You expect to find films about filmmaking and celebrities at the Sundance Film Festival, but you don’t always expect to find them on ESPN. Bruce Lee was more than a genre defining film star, he was a pop culture icon who redefined what it was to be an Asian American and spread interest in martial arts around the world. In Be Water, a new Bruce Lee documentary coming to ESPN as part of the 30 for 30 series, audiences will get to know Bruce Lee through recent interviews with his wife, children, and students.

The film brilliantly begins with a rare screen test Bruce Lee did in Hollywood before ultimately being dismissed, leading him to relocate to Hong Kong to change the history of filmmaking forever. His life story is then told through interviews with the late actor and those closest to him, particularly his daughter who has reconnected with him through his own writings. What emerges is a story of a man who broke through racial stereotypes and introduced the world to his fast-paced brand of Gung Fu, leaving behind an indelible legacy.

The title for the documentary comes from a quote Bruce Lee said during an interview and a personal philosophy with his martial arts style. The film saves the explanation for the very end, with the doumentary’s title becoming the last spoken line of dialogue before the credits. It becomes a chilling moment that beautifully sums up his short life.

Be Water does an excellent job of recreating the racial and global tensions that existed during Bruce Lee’s lifetime in both the US and Hong Kong. I confess to not knowing a lot about him prior to seeing the film, which was an eye opening experience and one that stays with you long after the credits roll. He was uncompromising in his mission to change the view of Asians in film, turning down any stereotypical roles and viewing Mickey Rooney’s portrayal in Breakfast at Tiffanys as a call to action.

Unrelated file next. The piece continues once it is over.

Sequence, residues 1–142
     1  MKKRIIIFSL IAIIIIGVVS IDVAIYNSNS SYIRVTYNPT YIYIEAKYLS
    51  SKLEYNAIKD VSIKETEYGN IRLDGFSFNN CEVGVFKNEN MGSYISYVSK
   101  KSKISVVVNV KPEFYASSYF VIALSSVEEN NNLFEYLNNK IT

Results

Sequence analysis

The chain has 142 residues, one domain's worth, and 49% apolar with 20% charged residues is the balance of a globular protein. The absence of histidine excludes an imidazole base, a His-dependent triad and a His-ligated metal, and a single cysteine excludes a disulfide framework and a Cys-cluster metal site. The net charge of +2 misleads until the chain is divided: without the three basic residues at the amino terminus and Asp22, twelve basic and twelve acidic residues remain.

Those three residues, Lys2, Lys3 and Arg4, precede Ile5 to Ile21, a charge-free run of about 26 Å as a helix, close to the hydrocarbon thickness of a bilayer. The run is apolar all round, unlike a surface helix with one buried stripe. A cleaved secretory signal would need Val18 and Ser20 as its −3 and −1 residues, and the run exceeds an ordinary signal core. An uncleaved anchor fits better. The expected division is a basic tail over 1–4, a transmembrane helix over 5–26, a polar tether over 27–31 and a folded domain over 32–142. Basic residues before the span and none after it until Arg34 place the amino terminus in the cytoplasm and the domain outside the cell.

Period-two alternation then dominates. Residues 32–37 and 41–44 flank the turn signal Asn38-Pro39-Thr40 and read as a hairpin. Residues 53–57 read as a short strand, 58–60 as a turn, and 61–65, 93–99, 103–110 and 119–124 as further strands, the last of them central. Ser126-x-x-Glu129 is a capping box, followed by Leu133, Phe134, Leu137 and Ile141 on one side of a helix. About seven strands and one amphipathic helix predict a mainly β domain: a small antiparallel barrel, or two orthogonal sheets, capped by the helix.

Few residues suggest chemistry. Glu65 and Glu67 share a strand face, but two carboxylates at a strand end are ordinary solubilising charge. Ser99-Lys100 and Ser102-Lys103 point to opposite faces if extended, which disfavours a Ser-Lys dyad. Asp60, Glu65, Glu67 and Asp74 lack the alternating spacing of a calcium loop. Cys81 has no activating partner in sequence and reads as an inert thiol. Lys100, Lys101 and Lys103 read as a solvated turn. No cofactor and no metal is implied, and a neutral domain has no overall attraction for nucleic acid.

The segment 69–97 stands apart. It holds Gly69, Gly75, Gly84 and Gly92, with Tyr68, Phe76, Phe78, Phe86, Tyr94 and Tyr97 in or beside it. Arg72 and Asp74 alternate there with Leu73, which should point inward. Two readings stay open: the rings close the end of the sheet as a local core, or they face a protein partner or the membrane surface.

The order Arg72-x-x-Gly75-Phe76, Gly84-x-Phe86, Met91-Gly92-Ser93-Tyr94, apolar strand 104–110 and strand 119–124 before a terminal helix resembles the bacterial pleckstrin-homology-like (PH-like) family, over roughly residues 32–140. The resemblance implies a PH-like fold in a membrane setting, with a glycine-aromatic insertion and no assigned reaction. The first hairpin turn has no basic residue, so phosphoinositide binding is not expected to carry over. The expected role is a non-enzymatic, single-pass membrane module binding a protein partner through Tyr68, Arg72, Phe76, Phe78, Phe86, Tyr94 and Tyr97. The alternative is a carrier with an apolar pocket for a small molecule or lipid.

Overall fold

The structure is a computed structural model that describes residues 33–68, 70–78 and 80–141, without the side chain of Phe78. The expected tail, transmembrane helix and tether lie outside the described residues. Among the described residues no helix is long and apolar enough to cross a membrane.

Perhaps the most remarkable thing about Be Water is that it demonstrates how much the world has changed since his impact on pop culture, while also subliminally underscoring how far we still have to go. The conflict in Hong Kong during his lifetime mirrors the current tension in the territory. In the US, it’s evident that the representation of Asians in film has changed, but that off screen there is still work to be done to break down stereotypes and racism.

After the screening I attended at the Sundance Film Festival, Director Bao Ngyen participated in a Q&A where he shared that Be Water is going to have a limited theatrical release ahead of its debut on ESPN in the fall. He is hoping the film can enjoy an international release as well, particularly for the people of Hong Kong where Bruce Lee is still a beloved star over forty years after his death.

I give Be Water 5 out of 5 stars

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